The mother

Unlike John, the mother is depicted in an entirely unsympathetic and negative light, with absolutely no redeeming qualities. She is utterly self-obsessed. Whatever condition has forced her to be bed ridden has made her bitter and insular, with no shred of compassion, love, empathy or kindness.

Although the narrative is told from John’s perspective, it is the stinging contempt of the mother’s words that are most memorable. She continually humiliates and emasculates her son, even suggesting that he has some kind of mental illness.

Her comment that this is a condition that is in your family but not in ours is incredibly revealing. She feels such a lack of affection and disconnection to John that she seems to consider that he is not even related to her. This is especially shocking given the way society idealises the relationship between a mother and her child.

Although her anger and bitterness are palpable and relentless, we never really find out the root of her unhappiness. We can deduce from the comments about John’s father that she treated him with similar contempt. The fact she has been bed ridden for a decade would have an impact on her psyche.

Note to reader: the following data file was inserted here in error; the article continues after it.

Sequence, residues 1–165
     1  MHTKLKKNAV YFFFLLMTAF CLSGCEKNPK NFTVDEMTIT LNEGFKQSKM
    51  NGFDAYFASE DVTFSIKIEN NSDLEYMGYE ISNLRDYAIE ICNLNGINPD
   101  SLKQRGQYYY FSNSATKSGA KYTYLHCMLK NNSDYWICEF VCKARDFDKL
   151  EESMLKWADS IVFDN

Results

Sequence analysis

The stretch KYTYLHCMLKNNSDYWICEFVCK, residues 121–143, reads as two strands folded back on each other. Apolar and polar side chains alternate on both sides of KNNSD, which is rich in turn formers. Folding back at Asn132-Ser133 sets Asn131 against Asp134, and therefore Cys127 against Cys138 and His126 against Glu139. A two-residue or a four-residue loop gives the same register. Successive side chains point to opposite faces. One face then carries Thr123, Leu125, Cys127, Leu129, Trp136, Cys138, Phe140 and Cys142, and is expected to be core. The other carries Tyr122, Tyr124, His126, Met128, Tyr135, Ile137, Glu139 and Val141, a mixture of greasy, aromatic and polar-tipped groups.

However her particular hatred of her son, who looks after her and upon whom she is utterly dependant, can only be guessed at. Ultimately, her relentless abuse and destruction of his self esteem makes it impossible to see anything positive in this character.

In his descriptions of her, Crichton Smith emphasises her physical fragility and feebleness: she has a frail white body and a scraggy neck and is often compared to a bird, pecking at the bed with a sharp beak and her head rising like a hen’s out of her plain white nightgown.

Despite her lack of physical strength, Crichton Smith shows us that she is capable of inflicting terrible damage psychologically.

This is a woman who could never be satisfied or pleased; she knows her condition prevents her son taking a job elsewhere but then she paradoxically mocks and belittles him for not doing so. Ultimately though, John’s epiphany renders her powerless and at last he seems he may be able to finally liberate himself from her.